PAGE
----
This chapter discusses a program of research in the learning sciences that I call “situative.” The defining characteristic of a situative approach is that instead of focusing on individual learners, the main focus of analysis is on activity systems: complex social organizations containing learners, teachers, curriculum materials, software tools, and the physical environment. Over the decades, many psychologists have advocated a study of these larger systems (Dewey, 1896, 1929/1958; Lewin, 1935, 1946/1997; Mead, 1934; Vygotsky, 1987), although they remained outside the mainstream of psychology, which instead focused on individuals. Situative analyses include hypotheses about principles of coordination that support communication and reasoning in activity systems, including construction of meaning and understanding.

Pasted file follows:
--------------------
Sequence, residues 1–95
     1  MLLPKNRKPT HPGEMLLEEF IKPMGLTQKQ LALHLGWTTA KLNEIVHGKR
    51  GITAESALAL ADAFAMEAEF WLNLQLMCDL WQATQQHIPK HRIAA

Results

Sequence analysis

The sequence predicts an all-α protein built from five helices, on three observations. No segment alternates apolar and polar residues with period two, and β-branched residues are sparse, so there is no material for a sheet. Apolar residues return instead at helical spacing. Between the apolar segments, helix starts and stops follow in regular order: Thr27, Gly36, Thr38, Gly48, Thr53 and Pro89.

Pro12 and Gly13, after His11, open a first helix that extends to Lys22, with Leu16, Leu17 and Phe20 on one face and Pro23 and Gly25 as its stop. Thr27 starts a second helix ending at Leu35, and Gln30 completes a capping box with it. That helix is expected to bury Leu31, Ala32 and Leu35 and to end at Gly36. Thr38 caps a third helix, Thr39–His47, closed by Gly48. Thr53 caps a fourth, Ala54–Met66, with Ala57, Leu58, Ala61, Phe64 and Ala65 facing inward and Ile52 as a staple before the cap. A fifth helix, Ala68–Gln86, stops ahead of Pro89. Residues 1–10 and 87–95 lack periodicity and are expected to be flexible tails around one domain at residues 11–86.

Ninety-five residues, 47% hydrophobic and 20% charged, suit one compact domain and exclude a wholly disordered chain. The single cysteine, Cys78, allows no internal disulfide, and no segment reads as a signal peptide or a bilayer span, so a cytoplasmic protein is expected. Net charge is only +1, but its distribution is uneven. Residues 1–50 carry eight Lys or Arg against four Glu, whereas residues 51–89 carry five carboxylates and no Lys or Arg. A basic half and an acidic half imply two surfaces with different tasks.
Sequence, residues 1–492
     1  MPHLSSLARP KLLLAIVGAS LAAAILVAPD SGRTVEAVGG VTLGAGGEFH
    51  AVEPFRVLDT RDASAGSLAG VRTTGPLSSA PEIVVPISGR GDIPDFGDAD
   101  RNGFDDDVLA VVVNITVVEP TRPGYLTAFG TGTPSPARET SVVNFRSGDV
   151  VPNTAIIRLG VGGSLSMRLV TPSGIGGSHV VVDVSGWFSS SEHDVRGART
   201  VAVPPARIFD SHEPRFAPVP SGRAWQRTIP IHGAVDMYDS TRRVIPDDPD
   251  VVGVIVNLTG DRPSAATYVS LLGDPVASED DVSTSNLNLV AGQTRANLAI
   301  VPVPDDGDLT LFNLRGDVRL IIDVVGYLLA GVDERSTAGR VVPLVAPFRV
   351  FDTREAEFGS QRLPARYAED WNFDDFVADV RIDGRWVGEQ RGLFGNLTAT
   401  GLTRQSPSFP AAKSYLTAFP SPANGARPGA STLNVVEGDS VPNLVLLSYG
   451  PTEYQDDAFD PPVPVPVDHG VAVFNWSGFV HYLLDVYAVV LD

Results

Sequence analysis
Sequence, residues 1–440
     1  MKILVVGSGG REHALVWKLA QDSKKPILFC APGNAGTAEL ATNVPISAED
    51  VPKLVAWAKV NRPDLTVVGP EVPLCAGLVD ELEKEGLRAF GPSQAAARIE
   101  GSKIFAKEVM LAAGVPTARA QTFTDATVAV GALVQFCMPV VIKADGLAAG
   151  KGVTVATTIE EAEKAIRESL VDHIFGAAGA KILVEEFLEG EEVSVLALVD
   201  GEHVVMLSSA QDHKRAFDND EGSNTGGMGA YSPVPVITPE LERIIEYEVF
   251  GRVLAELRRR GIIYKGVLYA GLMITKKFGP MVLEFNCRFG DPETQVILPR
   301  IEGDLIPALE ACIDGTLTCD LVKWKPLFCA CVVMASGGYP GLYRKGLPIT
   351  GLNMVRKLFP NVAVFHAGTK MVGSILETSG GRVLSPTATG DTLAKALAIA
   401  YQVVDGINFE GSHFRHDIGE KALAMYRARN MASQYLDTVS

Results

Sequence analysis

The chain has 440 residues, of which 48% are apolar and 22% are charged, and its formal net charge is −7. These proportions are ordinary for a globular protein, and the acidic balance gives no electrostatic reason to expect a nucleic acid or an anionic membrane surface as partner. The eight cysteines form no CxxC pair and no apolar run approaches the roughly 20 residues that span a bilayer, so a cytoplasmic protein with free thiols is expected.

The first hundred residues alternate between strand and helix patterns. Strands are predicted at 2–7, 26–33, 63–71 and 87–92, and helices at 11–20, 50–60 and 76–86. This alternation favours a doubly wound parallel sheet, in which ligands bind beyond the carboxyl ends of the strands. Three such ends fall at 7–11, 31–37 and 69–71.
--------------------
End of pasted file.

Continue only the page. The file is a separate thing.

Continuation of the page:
Other terms for the perspective I refer to as situative include sociocultural psychology (Cole, 1996; Rogoff, 1995), activity theory (Engeström, 1993; 1999), distributed cognition (Hutchins, 1995a), and ecological psychology (Gibson, 1979; Reed, 1996). I use the term “situative” because I was introduced to the perspective by scholars who referred to their perspective as situated action (Suchman, 1985), situated cognition (Lave, 1988), or situated learning (Lave & Wenger, 1991). I prefer the term “situative,” a modifier of “perspective,” “analysis,” or “theory,” to “situated,” used to modify “action,” “cognition,” or “learning,” because the latter adjective invites a misconception: that some instances of action, cognition, or learning are situated and others are not. During the 1980s and 1990s these scholars and others provided analyses in which concepts of cognition and learning are relocated at the level of activity systems.